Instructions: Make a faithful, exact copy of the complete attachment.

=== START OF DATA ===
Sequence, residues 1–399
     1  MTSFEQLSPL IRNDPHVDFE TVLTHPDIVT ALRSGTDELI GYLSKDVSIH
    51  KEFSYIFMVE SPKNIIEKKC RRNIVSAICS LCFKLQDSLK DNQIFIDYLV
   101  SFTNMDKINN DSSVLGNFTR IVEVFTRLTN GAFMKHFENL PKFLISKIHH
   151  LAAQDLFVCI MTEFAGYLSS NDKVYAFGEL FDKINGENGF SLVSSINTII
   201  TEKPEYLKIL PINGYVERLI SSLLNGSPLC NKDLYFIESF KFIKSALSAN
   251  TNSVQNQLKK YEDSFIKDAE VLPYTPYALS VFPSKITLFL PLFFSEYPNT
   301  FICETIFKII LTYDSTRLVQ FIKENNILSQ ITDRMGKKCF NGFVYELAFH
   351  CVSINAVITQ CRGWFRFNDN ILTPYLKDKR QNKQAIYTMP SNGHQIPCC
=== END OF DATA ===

Sequence, residues 1–399
     1  MTSFEQLSPL IRNDPHVDFE TVLTHPDIVT ALRSGTDELI GYLSKDVSIH
    51  KEFSYIFMVE SPKNIIEKKC RRNIVSAICS LCFKLQDSLK DNQIFIDYLV
   101  SFTNMDKINN DSSVLGNFTR IVEVFTRLTN GAFMKHFENL PKFLISKIHH
   151  LAAQDLFVCI MTEFAGYLSS NDKVYAFGEL FDKINGENGF SLVSSINTII
   201  TEKPEYLKIL PINGYVERLI SSLLNGSPLC NKDLYFIESF KFIKSALSAN
   251  TNSVQNQLKK YEDSFIKDAE VLPYTPYALS VFPSKITLFL PLFFSEYPNT
   301  FICETIFKII LTYDSTRLVQ FIKENNILSQ ITDRMGKKCF NGFVYELAFH
   351  CVSINAVITQ CRGWFRFNDN ILTPYLKDKR QNKQAIYTMP SNGHQIPCC